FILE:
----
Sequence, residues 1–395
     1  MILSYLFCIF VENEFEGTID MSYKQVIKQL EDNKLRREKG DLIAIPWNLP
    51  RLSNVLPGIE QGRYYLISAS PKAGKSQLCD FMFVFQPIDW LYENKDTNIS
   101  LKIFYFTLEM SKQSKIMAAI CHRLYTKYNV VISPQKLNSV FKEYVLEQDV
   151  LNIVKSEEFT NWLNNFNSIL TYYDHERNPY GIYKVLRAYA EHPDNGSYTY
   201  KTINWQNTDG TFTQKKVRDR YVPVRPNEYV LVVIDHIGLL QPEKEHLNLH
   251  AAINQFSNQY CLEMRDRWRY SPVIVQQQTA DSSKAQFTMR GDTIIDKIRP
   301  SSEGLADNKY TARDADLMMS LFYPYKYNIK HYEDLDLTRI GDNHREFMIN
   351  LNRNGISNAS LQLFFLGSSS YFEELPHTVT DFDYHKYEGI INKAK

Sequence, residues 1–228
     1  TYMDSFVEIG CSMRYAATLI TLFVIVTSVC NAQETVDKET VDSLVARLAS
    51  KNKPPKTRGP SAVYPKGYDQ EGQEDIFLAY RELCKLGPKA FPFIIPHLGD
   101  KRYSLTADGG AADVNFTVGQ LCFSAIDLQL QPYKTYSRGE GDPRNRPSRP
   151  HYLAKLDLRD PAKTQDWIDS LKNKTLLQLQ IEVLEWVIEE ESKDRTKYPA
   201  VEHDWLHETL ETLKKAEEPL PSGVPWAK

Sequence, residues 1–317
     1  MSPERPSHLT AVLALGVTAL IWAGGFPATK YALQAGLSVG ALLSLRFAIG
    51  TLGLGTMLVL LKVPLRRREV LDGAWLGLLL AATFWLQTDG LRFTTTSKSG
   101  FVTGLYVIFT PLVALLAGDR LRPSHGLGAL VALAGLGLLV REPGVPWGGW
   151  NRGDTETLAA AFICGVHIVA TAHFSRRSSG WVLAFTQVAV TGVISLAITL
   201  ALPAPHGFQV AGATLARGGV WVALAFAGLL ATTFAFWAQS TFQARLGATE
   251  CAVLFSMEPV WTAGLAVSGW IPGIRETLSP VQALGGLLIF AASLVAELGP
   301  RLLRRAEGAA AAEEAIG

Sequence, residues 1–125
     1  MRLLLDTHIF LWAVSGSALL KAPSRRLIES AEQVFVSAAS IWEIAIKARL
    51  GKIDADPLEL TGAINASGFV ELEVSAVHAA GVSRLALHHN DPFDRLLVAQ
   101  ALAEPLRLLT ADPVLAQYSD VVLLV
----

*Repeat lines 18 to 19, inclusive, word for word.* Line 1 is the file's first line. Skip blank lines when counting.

    51  TLGLGTMLVL LKVPLRRREV LDGAWLGLLL AATFWLQTDG LRFTTTSKSG
   101  FVTGLYVIFT PLVALLAGDR LRPSHGLGAL VALAGLGLLV REPGVPWGGW